KRAUTHAMMER: We are watching the culmination of a policy begun by Obama when he came into office to get out of the Middle East. That's all he cared about. He didn't care about holding our games in Iraq. It was a bloody war. You could say that we shouldn't have gotten out in the first place. But when he came in office the war was run -- Obama himself said Iraq was stable, sovereign, that it would be a success, he evacuates the place. It falls apart. The Iranians have come in. The Shia militias have come in. And now the Russians and Hezbollah have come in. It is no surprise. You evacuate the area. You are the superpower. Your allies rely on you. You leave, everything implodes and our allies from the Israelis to the Saudis to the Jordanians are in absolute panic over the fact that the umbrella America has held over the region for half a century has been folded deliberately by Barack Obama.

KELLY: Charles Krauthammer, thank you sir, good to see you.

KRAUTHAMMER: My pleasure.


KELLY: Well, you just heard Charles saying the American umbrella of security over the Middle East has now folded, saying our allies have been left alone, including Israel. In fact, while Russia and Iran were today consolidating their power to support one of the most brutal dictators in the Middle East, the Israeli Prime Minister was speaking to The United Nations, sounding a powerful warning. Watch this about the dangers of Iran growing power.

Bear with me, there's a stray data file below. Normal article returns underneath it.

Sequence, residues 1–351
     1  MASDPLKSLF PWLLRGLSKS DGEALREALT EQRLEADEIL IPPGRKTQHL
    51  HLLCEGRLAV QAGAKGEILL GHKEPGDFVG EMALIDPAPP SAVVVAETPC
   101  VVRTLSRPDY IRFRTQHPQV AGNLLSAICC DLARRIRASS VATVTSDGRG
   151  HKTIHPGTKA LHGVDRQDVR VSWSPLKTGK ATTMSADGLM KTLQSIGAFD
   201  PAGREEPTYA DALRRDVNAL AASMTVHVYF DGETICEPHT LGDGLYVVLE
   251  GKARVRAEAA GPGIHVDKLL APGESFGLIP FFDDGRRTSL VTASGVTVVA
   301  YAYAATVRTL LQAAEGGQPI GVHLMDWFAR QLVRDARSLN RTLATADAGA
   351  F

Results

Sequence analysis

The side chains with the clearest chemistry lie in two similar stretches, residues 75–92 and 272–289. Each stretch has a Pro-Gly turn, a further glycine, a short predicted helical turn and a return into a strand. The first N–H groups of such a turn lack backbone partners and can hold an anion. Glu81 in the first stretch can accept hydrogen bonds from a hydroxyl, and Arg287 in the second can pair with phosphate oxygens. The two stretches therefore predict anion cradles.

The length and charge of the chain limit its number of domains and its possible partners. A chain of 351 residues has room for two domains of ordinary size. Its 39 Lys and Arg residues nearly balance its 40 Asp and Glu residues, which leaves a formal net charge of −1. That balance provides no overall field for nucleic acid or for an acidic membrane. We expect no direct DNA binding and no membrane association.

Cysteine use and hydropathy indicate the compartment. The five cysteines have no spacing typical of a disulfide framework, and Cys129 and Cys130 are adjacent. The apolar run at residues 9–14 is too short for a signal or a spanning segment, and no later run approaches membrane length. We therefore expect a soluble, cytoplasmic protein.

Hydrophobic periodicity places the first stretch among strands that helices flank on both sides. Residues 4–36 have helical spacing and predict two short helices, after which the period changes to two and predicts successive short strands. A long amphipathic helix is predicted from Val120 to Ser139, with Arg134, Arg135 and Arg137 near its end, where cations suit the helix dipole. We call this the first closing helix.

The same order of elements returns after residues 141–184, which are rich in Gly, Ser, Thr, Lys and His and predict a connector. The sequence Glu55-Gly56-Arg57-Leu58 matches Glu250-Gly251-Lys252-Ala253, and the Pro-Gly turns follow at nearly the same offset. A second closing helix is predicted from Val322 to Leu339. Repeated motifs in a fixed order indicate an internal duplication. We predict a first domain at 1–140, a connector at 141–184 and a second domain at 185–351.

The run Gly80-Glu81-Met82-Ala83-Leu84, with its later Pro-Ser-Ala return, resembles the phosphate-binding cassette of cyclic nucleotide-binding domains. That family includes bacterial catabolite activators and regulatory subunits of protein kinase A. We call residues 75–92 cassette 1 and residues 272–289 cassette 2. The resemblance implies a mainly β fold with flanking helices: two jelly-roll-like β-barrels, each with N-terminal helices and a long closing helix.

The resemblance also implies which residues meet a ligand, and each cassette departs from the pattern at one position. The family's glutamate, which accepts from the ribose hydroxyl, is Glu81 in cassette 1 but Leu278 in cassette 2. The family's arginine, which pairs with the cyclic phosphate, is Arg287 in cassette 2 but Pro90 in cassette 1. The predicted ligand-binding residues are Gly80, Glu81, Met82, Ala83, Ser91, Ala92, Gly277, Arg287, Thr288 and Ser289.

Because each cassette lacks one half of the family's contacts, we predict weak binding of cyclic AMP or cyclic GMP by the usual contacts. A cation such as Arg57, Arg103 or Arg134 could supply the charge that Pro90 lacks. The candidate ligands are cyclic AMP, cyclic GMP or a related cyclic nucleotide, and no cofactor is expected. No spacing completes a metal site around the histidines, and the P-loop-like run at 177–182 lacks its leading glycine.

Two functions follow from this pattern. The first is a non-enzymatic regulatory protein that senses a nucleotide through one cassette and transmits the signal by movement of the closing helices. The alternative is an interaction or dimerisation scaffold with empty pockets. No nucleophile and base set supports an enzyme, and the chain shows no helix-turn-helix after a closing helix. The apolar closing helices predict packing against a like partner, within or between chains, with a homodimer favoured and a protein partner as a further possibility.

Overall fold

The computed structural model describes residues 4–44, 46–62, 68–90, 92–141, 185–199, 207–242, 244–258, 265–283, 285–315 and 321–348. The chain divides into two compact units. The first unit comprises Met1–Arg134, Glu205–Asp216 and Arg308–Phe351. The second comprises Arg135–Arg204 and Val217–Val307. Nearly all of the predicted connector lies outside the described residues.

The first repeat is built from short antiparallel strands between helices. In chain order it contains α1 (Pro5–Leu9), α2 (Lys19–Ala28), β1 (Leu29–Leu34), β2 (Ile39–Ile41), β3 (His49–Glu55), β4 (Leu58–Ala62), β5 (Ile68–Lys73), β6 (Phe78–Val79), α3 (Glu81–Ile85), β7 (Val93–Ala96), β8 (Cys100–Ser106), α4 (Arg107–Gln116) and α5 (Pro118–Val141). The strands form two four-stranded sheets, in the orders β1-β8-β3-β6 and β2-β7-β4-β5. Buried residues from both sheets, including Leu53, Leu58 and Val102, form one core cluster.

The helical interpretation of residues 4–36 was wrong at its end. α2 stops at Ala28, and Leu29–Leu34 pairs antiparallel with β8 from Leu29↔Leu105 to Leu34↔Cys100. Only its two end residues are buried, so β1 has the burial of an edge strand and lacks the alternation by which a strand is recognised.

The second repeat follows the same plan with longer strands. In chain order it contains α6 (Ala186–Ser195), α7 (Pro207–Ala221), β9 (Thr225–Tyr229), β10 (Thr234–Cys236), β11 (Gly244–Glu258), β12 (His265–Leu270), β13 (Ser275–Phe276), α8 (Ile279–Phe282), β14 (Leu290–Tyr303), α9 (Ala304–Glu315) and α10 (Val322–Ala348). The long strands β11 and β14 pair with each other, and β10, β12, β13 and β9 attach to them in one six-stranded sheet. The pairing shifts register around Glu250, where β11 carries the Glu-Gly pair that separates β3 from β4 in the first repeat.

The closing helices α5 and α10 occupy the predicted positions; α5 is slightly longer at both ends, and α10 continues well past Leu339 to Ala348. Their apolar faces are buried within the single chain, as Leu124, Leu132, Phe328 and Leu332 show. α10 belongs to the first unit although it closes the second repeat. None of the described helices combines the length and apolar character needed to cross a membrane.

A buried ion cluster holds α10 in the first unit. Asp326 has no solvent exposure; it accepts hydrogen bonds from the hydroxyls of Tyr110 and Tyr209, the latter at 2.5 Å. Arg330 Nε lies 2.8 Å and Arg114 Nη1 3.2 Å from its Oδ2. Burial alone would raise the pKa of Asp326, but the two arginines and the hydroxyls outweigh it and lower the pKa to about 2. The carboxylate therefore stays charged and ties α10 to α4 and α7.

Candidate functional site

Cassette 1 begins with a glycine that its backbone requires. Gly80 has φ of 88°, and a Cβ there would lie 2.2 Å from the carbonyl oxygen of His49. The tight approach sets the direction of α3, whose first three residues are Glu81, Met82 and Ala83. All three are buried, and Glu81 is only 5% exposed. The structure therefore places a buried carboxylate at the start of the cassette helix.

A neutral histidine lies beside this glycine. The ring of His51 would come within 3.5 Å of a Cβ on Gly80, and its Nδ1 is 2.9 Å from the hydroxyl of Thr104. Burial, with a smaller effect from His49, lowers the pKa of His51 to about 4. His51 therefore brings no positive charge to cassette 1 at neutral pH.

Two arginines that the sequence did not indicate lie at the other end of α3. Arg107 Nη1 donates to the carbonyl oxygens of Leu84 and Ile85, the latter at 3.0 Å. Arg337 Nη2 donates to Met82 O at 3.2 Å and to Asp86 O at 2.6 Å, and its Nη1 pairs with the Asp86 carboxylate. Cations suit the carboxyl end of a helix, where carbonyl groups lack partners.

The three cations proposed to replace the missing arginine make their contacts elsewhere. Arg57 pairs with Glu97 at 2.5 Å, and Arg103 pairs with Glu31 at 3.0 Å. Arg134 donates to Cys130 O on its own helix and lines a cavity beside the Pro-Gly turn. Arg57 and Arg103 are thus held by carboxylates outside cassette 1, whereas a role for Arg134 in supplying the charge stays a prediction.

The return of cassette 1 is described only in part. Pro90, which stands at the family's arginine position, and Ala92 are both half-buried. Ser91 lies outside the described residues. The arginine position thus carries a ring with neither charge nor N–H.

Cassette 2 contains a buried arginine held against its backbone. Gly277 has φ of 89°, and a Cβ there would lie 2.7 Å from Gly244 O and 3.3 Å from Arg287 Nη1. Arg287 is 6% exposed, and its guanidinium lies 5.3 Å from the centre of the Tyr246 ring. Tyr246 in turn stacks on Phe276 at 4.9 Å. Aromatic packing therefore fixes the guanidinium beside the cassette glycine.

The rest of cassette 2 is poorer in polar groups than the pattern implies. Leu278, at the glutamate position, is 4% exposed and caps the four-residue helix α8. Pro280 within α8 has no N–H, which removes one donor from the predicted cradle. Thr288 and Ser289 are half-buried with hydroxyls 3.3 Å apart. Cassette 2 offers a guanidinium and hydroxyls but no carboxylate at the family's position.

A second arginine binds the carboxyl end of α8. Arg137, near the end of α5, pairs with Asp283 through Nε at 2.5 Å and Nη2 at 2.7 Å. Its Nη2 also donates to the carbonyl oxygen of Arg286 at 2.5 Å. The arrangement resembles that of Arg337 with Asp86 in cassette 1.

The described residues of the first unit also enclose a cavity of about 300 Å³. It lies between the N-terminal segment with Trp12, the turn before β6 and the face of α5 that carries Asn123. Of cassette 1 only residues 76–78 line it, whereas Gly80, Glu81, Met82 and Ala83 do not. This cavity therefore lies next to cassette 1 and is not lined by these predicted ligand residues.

NETANYAHU: Seventy years after the murder of six million Jews, Iran's rulers promised to destroy my country, murder my people, and the response from this body has been absolutely nothing, response from nearly every one of the government's represented here has been absolutely nothing, utter silence, deafening silence. Perhaps you can understand why Israel is not joining you in celebrating this deal. If Iran's rulers were working to destroy your countries, perhaps you'd be less enthusiastic about the deal.


KELLY: Ambassador Ron Dermer is the Israeli Ambassador to the United States.


KELLY: Good to see you, Ambassador.


KELLY: Powerful moment there, 45 seconds he stood in silence and shamed those Presidents for their failure to condemn the rhetoric and the intentions of the Iranian regime. And, yet, hasn't that ship already sailed?